Typed Letter Signed

    1 page

    SMC 660

    President Kennedy declines a publisher's offer to write a book about Thomas Jefferson, citing his time-consuming job as President of the United States.
    Add to History Board Share
    Eisenhower & Kennedy:  Eisenhower Writes JFK a Chilly Letter After Losing the 1960 Election

    Typed Letter Signed

    3 pages

    SMC 703

    Eisenhower coldly, yet cordially, confirms that his friend and Defense Liaison Officer, General Andrew Goodpaster, will be staying, as per Kennedy's request, with the President until February or March.
    Add to History Board Share
    Rare Ticket to

    Ephemera

    1 page

    SMC 710

    Ticket to the Democratic Party's welcome dinner in honor of President Kennedy; it was to be held in Austin in the evening of the day he was shot in Dallas.
    Add to History Board Share
    Notes Written by President John F. Kennedy Aboard Air Force One

    Autograph Note

    7 pages

    SMC 711

    These notes, written by President Kennedy aboard Air Force One illustrate how the most important world events, like our mundane tasks, often begin with the same shorthand scrawlings.
    Add to History Board Share
    JFK’s Drafted Letter to Medgar Evers' Widow, Myrlie, on Evers' Assassination

    Typed Letter Signed

    1 page

    SMC 712

    John F. Kennedy writes a condolence letter to Medgar Evers's widow. Four hours before Evers was shot in front of his wife and children, Kennedy had given a televised speech calling for an end to racial discrimination.
    Add to History Board Share
    After His

    Typed Letter Signed

    1 page

    SMC 715

    President Kennedy thanks General Landon, the Commander in Chief of the United States Air Force in Europe for the "magnificent way" in which the General ensured that Kennedy's visit to Germany was a success.
    Add to History Board Share
    President John F. Kennedy on the Death of His Infant Son, Patrick Bouvier Kennedy

    Typed Letter Signed

    1 page

    SMC 716

    President John F. Kennedy's infant son Patrick Bouvier Kennedy was born prematurely and lived for 39 hours. Five days later, the president thanks his sister-in-law and husband for their support during this difficult time.
    Add to History Board Share
    President John F. Kennedy

    Autograph Note Signed

    1 page

    SMC 901

    John F. Kennedy signs a quote to the photographer, who had recently captured him "on the edge of the new frontier."
    Add to History Board Share
    Sen. John F. Kennedy Declines McCarthyite Alvin Owsley's Invitation to Visit Texas; Invites Him to Lunch

    Typed Letter Signed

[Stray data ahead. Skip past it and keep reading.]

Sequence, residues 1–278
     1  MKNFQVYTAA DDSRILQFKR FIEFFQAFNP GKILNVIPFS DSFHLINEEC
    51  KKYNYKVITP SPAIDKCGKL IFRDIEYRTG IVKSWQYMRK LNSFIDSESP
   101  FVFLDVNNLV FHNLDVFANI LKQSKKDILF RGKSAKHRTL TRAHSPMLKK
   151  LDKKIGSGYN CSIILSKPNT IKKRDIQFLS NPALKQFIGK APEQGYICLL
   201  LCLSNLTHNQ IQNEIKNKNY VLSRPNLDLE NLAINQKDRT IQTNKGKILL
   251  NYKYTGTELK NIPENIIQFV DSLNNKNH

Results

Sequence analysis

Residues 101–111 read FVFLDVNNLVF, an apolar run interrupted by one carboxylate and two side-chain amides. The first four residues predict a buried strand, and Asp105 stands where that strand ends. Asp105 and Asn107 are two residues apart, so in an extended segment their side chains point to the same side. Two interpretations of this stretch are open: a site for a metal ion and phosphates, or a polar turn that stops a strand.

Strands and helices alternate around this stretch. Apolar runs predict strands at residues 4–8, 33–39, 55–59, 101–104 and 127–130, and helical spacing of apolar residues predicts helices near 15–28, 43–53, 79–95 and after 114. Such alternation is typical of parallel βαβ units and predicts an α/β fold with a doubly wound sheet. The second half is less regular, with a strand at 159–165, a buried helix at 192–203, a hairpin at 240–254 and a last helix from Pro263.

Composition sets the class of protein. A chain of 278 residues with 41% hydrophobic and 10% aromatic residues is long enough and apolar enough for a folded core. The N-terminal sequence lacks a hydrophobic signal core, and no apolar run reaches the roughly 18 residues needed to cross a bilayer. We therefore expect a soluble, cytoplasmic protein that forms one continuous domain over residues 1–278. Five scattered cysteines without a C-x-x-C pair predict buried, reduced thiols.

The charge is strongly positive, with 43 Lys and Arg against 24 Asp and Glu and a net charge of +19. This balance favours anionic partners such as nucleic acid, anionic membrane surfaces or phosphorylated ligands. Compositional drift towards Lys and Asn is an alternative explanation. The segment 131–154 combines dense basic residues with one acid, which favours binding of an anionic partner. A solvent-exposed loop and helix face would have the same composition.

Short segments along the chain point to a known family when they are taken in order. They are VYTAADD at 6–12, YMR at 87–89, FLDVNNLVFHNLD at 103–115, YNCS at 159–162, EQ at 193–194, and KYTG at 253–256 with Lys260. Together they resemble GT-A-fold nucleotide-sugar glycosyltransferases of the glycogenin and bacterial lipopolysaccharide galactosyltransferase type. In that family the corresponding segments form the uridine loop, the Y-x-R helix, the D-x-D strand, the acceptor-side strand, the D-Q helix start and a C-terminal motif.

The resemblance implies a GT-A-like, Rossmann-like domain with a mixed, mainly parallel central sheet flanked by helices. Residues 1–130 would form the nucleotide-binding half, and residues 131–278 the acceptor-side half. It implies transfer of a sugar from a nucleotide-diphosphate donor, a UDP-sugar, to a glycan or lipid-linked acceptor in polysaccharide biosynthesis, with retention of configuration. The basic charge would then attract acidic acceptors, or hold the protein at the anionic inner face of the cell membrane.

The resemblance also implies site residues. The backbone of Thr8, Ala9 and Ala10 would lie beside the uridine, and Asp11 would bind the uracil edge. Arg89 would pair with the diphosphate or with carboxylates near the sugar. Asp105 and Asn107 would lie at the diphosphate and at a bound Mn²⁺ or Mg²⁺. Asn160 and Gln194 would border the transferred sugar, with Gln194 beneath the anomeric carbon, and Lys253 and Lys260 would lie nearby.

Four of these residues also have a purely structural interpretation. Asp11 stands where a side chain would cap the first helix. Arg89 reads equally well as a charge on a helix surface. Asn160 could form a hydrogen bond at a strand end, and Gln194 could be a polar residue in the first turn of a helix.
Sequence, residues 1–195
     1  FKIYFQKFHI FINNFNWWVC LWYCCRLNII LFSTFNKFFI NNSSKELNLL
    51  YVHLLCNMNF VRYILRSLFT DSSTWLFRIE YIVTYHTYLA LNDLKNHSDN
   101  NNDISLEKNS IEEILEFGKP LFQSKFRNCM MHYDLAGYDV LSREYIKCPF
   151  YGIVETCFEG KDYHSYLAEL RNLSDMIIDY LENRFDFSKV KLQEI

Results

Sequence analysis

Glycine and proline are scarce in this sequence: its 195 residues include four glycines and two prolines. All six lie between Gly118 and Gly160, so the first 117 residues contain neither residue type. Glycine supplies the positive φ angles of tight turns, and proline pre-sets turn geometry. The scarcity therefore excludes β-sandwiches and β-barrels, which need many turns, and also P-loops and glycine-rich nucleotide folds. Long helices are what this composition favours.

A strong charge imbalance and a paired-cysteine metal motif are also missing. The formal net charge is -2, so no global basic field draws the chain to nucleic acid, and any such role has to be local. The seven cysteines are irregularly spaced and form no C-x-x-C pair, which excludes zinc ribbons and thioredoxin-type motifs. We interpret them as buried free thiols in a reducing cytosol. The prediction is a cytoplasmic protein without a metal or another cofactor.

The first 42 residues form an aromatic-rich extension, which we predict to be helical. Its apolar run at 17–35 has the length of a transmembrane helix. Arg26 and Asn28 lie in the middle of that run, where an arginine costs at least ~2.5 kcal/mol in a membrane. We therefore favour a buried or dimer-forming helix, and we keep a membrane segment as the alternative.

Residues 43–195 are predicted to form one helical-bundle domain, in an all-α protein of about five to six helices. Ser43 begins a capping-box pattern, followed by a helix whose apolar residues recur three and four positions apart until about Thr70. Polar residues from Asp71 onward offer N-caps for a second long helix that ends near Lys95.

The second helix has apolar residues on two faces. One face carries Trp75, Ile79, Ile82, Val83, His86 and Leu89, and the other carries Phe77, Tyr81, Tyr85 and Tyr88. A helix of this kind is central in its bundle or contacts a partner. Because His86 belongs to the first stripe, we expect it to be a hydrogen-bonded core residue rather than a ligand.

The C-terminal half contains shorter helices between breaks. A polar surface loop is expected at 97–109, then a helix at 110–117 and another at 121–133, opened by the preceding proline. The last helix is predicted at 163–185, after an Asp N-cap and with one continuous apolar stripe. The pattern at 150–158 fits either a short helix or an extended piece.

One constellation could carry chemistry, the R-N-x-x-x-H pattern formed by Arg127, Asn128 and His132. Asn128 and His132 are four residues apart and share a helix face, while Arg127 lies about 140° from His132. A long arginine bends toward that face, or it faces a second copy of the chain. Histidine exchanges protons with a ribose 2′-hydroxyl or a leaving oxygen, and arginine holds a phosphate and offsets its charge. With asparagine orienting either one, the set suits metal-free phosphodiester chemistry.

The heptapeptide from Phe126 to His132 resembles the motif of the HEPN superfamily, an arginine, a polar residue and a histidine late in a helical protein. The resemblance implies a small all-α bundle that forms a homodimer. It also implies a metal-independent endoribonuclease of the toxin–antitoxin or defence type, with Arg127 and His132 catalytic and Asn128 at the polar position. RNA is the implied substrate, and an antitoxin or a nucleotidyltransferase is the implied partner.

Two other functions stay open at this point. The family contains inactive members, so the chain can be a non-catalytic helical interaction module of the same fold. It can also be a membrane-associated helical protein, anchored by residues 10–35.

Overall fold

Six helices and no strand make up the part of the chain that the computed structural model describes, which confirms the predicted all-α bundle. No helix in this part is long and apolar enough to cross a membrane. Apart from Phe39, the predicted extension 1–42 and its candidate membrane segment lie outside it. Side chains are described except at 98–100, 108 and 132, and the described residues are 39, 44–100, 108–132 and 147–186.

1 page

    SMC 340

    Kennedy’s letter to Alvin Owsley, addressed to him in Dallas, is dated almost ten years to the day on which he would make his ill-fated trip to that city as president. In a sad twist, Kennedy concludes the letter with the hope that he will be able to see Owsley during "one of my visits to Texas on another occasion."
    Add to History Board Share
    President John F. Kennedy Plans a Pleasure Trip to His Ancestral Home, Ireland

    Typed Letter Signed

    1 page

    SMC 341

    Ahead of his trip to Ireland, President Kennedy reassures his close friend Dot Tubridy that she will be included in all presidential functions.
    Add to History Board Share
    President John F. Kennedy On His Historic Trip to Ireland:

    Typed Letter Signed

    2 pages

    SMC 342

    John F. Kennedy writes to his close friend Dot Tubridy to tell her how much he enjoyed his trip to Ireland and seeing her.
    Add to History Board Share
    In 1942, Ensign J.F. Kennedy Requests Sea Duty on a PT Vessel:

    Typed Letter Signed

    1 page

    SMC 343

    This document sent John F. Kennedy to sea during World War II, where he would become a celebrated hero after his boat sunk, and he swam three miles to shore dragging a shipmate to safety with his lifejacket between his teeth.
    Add to History Board Share
    President Kennedy Sends General Maxwell Taylor to South Vietnam to Appraise the Situation

    Typed Letter Signed

    1 page

    SMC 344

    Under pressure to send US ground troops to Vietnam, President John F. Kennedy plays for time by sending General Maxwell Taylor to South Vietnam to appraise the situation. Kennedy reminds Taylor that the "initial responsibility for the effective maintenance of the independence of South Viet-Nam rests with the people and government of that country."
    Add to History Board Share
    Life's Lessons: John F. Kennedy Advises a College Student What Classes to Take for a Life in Politics

    Typed Letter Signed

    1 page

    SMC 522